In session one on Thursday, Donna invited us to move beyond a paradigm of 'should' to 'might' or 'may' or 'want' for our choosing to engage in public ministry.
In session two, Saturday, we explored stories and models of leading public ministry.
Today, session three, was focussed on our practice of public ministry, Donna reflecting back some of the key themes and ideas from the masterclass and Jana inviting us to reflect on our practice as we began to consider how we might apply our learning as we go from the time apart back into our ministry contexts.
Donna observed that our (the church) strongest capacity is the capacity to invite. Yes, we can overdo the 'hosting' in our relationships with the community, rather than 'receiving' and being guests of others, but we are one of the oldest community groups, so it is good for us to invite, to create the spaces for mutual sharing of stories, for 'parallel play' (like community gardens), through which we learn from each other and discover ways into healing and wellbeing together.
Particularly for the community at Pilgrim, the host for the masterclass, might be the opportunity to engage with travellers, pilgrims, with blessings of the backpacks or bicycles. People come here to Australia to discover what it is like to live here, be here, be us. I am wondering what it is in Belair - the national park, walking, perhaps. How can we engage with walkers, the national park ... ?
I found Donna's idea of the church as a council of elders intriguing - as I live out being an ordained minister, I do this through the lens of being a storyteller, drawing on the idea of elders as the ones who hold the stories of a community in trust, so it resonated for me.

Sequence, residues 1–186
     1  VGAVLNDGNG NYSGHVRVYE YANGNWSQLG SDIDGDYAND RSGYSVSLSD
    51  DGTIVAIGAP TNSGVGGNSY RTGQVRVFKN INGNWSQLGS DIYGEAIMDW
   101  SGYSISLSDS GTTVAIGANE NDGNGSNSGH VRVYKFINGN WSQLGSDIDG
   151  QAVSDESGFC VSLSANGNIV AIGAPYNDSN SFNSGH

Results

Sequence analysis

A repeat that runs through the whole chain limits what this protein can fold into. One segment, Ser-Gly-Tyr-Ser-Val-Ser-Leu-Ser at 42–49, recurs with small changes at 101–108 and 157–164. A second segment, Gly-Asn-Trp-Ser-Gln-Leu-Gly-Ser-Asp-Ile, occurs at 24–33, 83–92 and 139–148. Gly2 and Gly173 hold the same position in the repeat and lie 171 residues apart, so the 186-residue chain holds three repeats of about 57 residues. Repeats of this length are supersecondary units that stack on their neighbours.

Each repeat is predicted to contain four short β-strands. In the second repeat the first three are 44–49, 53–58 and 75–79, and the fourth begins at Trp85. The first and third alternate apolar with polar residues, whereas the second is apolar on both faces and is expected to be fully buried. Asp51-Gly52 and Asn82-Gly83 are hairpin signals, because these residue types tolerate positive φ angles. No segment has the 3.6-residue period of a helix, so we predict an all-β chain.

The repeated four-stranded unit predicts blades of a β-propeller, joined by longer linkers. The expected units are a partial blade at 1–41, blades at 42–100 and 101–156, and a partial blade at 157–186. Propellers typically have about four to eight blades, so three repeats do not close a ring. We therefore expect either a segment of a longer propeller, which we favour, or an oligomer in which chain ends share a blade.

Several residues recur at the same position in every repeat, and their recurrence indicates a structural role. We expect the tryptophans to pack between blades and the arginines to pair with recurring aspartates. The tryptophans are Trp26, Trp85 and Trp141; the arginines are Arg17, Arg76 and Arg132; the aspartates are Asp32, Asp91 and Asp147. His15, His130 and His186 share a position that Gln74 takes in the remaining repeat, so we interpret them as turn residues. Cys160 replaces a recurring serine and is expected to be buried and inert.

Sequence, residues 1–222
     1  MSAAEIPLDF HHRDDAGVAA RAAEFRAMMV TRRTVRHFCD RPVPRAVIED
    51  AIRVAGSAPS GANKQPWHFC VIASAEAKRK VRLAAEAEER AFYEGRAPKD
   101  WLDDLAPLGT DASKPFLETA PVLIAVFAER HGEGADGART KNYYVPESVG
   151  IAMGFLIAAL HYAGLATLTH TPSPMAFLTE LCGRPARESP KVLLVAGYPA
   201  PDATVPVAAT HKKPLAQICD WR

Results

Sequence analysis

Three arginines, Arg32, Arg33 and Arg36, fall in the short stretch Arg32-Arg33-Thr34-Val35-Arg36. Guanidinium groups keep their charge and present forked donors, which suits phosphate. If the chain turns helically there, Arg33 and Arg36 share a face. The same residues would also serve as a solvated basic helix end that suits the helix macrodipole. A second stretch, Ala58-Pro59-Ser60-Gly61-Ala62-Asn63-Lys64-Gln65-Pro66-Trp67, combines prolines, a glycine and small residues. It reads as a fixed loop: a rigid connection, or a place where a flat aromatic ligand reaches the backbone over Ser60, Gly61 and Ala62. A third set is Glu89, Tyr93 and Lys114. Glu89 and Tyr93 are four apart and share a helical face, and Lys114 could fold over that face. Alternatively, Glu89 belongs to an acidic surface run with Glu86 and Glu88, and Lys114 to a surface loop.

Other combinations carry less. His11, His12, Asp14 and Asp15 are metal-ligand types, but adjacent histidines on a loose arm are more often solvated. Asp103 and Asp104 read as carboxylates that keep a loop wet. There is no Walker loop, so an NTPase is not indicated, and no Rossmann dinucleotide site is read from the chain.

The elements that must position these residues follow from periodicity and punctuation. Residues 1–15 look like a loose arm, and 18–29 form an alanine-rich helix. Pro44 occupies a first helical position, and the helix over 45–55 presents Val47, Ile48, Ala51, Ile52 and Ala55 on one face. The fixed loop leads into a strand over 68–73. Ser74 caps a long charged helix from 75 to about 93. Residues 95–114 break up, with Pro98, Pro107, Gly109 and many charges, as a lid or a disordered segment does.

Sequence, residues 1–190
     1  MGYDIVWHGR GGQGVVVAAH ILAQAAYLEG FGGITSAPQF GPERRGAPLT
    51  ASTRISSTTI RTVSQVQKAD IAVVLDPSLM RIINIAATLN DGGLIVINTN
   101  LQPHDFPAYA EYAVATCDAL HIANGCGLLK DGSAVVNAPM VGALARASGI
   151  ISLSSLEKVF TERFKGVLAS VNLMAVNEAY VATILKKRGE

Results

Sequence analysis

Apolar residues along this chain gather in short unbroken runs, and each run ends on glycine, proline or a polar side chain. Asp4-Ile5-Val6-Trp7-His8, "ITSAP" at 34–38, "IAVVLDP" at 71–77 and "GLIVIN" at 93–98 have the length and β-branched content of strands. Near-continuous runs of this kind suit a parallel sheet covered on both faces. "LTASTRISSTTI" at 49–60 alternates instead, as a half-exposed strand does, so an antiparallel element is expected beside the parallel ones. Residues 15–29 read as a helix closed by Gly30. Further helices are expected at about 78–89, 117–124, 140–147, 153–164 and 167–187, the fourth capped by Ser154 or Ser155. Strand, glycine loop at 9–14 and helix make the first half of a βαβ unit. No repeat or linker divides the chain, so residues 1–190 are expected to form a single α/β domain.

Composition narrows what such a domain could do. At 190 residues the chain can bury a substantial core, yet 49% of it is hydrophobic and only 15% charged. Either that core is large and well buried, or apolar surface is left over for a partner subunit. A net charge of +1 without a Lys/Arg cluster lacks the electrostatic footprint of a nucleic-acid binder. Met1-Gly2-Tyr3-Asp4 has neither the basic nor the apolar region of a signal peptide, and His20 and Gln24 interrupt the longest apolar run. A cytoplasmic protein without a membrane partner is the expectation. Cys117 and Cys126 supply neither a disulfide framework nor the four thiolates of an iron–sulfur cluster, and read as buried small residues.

Then we were led through the process of appreciative enquiry: a process of doing more of what works, telling the story, unpack it, learn and energise the usual (the usual: what we are already doing).
As I considered a 'best' experience of participating in public ministry, I reflected on a moment in the life of The Esther Project, and in the process, I found appreciative enquiry to be a helpful model for my project of writing a book that tells this story. I have been searching for the questions to ask at the end of each chapter, each chapter telling particular elements of the story of this experiment in Christian community. The questions at the end of the chapter, I hope, will be questions that invite the readers to consider what they might learn for their projects & experiments in new forms of church. Appreciative enquiry asks what will we keep doing, stop doing, start doing and do differently? I am now playing with questions like: what would I do again, what would I not do again, what would I do differently, and what story started here or how does this story continue?
And another question that emerged throughout the afternoon today, for my continuing public ministry as a biblical storyteller, is whether or how I might offer a workshop for (church) communities to tell our (the biblical / Christian) story in conversation with the wider community? I am wondering what might that look like, is it within the parameters of sarah tells stories, how can I invite people to imagine the ways in which they might offer their / our / the Christian story as we seek to build relationships in the community that are transformative & healing.
This has been an enriching series of sessions exploring public ministry, the energising, deepening & making dense of the usual things we do as church in such a way that they may be always deeper for all.